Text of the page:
Reducing Repetition in Your Writing Style

Overview

Repetitiveness is tedious for the reader, as it is monotonous. It often comes along with being wordy. A few simple corrections will result in reducing repetition in your writing style. They can make your compositions leaner, clearer, and more professional.

Repetition (repeating words or phrases) is not necessarily a bad thing. Education (and parenting!), for example, depend upon repeating instructions and lessons. We commonly use repetition for emphasis. Songs use repetition to deliver the “hook.” For instance, in most songwriting, the verses change, but the hook or chorus is repeated. Like with, say, Taylor Swift’s 1989 hit, “Shake It Off”:

‘Cause the players gonna play, play, play, play, play
And the haters gonna hate, hate, hate, hate, hate, baby
I’m just gonna shake, shake, shake, shake, shake
Shake it off, I shake it off

You can watch it here, if you care to (above lines are sung about 1:15): Taylor Swift – Shake it off LIVE

Repetition works because it’s memorable and calls attention to itself. But it doesn’t work when it’s overused – because it calls attention to itself. 

Problem

Here’s part of a paragraph from a draft research paper, where the style got into a bind. Note the bolded words.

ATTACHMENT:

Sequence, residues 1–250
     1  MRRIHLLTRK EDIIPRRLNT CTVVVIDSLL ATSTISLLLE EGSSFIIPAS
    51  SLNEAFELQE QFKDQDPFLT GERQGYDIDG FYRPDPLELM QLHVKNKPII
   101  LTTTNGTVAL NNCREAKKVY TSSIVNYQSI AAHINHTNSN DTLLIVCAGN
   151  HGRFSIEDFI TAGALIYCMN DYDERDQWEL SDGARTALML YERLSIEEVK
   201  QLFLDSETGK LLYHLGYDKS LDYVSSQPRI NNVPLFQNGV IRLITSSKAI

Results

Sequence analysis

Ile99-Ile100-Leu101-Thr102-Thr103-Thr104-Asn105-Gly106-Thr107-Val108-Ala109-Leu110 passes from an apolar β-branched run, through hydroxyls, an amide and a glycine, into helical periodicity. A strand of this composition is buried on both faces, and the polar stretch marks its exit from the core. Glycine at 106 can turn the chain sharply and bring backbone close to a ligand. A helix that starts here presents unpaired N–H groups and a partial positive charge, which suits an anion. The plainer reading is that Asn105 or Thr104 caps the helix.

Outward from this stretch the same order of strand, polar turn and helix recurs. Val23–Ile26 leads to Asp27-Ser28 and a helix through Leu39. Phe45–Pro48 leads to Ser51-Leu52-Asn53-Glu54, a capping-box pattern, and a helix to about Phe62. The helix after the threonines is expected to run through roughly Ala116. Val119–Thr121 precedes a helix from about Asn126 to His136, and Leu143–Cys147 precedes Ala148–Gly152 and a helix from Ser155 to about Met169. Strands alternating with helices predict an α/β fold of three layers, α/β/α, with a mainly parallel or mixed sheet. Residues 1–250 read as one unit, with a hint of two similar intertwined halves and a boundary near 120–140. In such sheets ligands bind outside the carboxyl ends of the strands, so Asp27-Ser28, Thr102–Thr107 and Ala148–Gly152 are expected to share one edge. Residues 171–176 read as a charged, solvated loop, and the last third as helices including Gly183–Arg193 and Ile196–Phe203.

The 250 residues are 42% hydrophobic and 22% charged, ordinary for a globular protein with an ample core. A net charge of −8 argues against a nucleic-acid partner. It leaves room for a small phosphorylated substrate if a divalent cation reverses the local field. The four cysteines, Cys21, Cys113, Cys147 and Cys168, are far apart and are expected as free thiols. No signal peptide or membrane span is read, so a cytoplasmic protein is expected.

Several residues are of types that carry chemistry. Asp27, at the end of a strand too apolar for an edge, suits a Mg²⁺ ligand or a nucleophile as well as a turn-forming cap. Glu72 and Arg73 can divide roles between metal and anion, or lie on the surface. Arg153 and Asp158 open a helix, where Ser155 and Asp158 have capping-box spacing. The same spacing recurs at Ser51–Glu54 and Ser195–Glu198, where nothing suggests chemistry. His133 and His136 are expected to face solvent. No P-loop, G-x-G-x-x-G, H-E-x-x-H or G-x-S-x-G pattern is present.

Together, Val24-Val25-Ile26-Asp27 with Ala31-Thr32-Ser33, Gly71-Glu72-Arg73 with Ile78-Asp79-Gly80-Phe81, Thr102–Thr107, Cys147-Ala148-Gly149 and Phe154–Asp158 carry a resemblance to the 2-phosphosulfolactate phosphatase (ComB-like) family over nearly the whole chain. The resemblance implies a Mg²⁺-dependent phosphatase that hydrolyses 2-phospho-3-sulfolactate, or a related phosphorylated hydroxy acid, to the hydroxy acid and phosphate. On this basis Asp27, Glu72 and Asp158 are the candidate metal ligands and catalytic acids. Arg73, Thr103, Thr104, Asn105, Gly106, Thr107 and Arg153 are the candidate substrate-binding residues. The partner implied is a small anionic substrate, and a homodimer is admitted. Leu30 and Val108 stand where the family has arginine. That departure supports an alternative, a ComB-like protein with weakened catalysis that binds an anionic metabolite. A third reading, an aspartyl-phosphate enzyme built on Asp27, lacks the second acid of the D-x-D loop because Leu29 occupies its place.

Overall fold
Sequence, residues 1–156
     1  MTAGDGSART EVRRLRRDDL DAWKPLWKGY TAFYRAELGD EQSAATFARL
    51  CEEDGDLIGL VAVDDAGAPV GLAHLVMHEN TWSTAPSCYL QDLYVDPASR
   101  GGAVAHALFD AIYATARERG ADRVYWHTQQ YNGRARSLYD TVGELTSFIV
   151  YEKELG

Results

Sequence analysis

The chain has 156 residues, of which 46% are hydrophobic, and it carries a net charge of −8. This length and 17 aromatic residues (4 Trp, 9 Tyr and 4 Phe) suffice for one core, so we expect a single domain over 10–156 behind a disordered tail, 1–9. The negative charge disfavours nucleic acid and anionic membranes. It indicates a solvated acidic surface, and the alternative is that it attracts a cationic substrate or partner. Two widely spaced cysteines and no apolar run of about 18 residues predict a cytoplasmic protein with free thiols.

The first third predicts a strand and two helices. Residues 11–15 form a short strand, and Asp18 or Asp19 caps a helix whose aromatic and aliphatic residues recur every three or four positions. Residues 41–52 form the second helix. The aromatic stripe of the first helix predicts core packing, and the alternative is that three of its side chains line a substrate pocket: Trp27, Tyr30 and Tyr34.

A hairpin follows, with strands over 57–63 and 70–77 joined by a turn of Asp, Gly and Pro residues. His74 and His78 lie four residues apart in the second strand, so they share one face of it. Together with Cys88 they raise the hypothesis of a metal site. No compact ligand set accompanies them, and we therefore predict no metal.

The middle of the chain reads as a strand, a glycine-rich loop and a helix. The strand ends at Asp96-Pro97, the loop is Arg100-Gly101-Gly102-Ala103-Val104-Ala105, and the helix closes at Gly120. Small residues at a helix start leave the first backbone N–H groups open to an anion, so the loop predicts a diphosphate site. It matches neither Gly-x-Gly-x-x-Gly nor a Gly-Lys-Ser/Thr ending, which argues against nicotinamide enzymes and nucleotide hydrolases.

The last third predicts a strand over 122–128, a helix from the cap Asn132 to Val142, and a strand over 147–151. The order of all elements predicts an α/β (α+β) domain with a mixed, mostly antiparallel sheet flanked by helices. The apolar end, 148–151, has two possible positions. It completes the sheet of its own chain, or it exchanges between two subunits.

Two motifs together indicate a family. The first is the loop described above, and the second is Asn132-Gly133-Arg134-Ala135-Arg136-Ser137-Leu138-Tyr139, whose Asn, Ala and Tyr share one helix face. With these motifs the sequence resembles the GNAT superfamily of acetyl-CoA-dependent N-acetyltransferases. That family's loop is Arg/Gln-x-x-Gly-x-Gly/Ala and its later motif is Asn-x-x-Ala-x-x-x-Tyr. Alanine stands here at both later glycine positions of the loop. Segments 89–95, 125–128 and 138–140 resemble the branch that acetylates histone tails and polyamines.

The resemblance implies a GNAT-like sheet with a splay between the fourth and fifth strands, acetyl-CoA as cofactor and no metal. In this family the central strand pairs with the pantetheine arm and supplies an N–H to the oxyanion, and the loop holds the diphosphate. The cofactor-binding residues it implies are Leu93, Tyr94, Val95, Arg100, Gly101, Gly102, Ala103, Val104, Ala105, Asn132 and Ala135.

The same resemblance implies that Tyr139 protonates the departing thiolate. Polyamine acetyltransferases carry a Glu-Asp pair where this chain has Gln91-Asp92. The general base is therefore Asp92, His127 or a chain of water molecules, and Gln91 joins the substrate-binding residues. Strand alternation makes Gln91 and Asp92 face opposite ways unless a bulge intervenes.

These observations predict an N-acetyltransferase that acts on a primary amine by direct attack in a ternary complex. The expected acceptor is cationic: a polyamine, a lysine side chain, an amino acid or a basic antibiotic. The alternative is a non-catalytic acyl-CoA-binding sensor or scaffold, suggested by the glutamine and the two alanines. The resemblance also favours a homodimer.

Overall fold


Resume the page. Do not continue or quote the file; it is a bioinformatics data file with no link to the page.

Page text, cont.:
Additionally, many studies have been done to figure out a way to reduce recidivism rates.  One such study by the Bureau of Justice states, “we find that correctional education would be expected to reduce three-year re-arrest and reincarceration rates by 13.2 and 13.8 percentage points, respectively”. (Davis, et al. p. 34) One of the more comprehensive studies is The Rand Study. They compiled several different studies to show several outcomes. It states, “Across 32 years of empirical studies on the effects of correctional education with analyses ranging in methodological quality and rigor, on average, the odds of recidivating among inmates receiving correctional education are 64 percent of the odds of recidivating among inmates not receiving correctional education”. (Davis, et al. p. 29)

There’s some other repetition: the word “one” and the word “several,” for example. But let’s hone in on the six repeats of “study” and “studies” in five sentences. The writer clearly wants to introduce the sources with a good word for research, “study,” but the word also appears in the title of the research as well as in a quote, resulting in a monotonous sound and a lack of variation.

By the way, this repetitiveness is probably unconscious. In my own writing, I’ll be repetitive as well when I’m drafting, on other words, when laying down my initial ideas in rougher style. So I look at repetitiveness as normal in drafting (especially draft 0), but something you want to polish in revision.  That means recognizing the problem and knowing how to revise it. 

Solution

Often, deletion is the easiest way to solve the problem. Here are the sentences again, listed separately, with quick solutions next to them (other small errors have not been corrected, such as MLA form and punctuation). 

DRAFTREVISION
Additionally, many studies have been done to figure out a way to reduce recidivism rates.  No change.